An unfair standard
When major newspapers in Denver and Salt Lake City take similar positions on the punitive nature of the federal government’s new ozone standard, we pay attention.
Why? Because, smack in the middle of these two western metro areas is Grand Junction and our air quality flirts with noncompliance because of background ozone, just like theirs does, but it’s a problem even farther beyond our reach.
Air quality groups have appeared before The Daily Sentinel’s editorial board supporting more stringent standards to address ozone pollution, and with good reason. Anyone who’s experienced a winter inversion can see with their own eyes the extent of the problem.
But as the Deseret News and the Denver Post both noted, background ozone blows in from other places. That’s little consolation for those suffering from respiratory challenges, but the fact remains that precursor pollutants that cause ozone may originate in California, Mexico, Canada or as far away as China, according to the Western States Air Resources Council. Some ozone is the product of wildfires.
So lowering the federal ozone standard from 75 parts per billion to 70 ppb effectively punishes western states — which have higher background ozone levels than other regions — for pollution not caused here.
The Post pointed to a Denver Business Journal story that cited an EPA white paper issued in late December indicating Denver will be out of compliance with the new standard 10 years from now.
“This is setting us up to fail,” said Colorado state Sen. Cheri Jahn. “When it’s already known that Colorado can’t make it, then is the goal to help states become more ozone-friendly? Or is it to punish them?”
The metro areas are facing scenarios in which businesses will have to cut back on activity and growth — something Ray Keating, the chief economist for the Center for Regulatory Solutions, calls “a federal cap on economic development.”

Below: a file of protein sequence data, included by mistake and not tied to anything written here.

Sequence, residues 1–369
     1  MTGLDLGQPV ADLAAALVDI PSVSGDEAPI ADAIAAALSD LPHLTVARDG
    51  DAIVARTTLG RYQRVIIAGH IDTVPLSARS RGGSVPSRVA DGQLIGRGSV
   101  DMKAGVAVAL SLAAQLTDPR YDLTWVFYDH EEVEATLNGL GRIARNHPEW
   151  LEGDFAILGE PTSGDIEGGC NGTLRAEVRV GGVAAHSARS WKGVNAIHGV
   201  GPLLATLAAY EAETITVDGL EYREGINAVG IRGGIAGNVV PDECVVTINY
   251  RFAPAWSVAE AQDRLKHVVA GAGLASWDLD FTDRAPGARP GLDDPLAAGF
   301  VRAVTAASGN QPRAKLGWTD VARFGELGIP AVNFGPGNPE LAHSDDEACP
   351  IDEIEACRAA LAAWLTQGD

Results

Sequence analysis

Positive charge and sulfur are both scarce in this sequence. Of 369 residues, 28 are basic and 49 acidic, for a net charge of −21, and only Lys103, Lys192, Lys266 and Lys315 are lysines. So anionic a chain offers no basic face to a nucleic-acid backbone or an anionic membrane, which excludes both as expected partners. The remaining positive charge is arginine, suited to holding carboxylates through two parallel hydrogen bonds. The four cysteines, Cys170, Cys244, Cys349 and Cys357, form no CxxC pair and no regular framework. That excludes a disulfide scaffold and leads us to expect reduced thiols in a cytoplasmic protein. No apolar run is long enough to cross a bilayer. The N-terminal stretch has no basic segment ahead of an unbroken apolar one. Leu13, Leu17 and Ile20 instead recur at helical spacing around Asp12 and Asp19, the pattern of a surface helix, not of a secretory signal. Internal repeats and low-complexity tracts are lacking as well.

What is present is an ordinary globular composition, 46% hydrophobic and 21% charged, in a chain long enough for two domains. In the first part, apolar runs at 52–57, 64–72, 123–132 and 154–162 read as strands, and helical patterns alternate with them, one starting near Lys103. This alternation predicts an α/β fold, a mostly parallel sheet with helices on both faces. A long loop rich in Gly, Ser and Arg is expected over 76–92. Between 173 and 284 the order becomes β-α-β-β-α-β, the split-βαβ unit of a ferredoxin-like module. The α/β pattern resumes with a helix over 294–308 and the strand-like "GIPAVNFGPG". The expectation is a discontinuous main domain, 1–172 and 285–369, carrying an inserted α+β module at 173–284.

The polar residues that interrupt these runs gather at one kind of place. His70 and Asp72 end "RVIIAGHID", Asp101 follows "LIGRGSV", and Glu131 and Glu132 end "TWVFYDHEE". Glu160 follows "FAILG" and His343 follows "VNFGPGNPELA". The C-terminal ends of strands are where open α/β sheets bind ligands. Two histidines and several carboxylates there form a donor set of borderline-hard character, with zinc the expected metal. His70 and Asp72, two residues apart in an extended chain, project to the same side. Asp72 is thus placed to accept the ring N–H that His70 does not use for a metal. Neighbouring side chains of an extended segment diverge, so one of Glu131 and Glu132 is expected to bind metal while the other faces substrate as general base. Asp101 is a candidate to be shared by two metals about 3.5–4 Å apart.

In the run-up to the new standard, the Center for Regulatory Solutions pointed to bipartisan concern among Colorado lawmakers. Business and labor groups were also opposed. Club 20 wrote a letter to the EPA warning of “far-reaching consequences throughout Western Colorado on our industries, communities and individuals.”
If Mesa County is found to be in “non-attainment” with federal standards, it would have to pony up for compliance costs. Paying a heavy price for other people’s pollution is exactly why we hear so much grumbling about federal overreach.
The EPA should halt the implementation of the 70 ppb standard until the agency can assure state and local officials in the West that the background ozone issue is fully understood, and that communities won’t be unfairly blamed for pollution they didn’t cause. It should have done so before deciding to ratchet down the standard to 70 ppb. Then again, if the background ozone issue had received the attention it deserved last year, EPA might have been forced to leave the 75 ppb standard in place.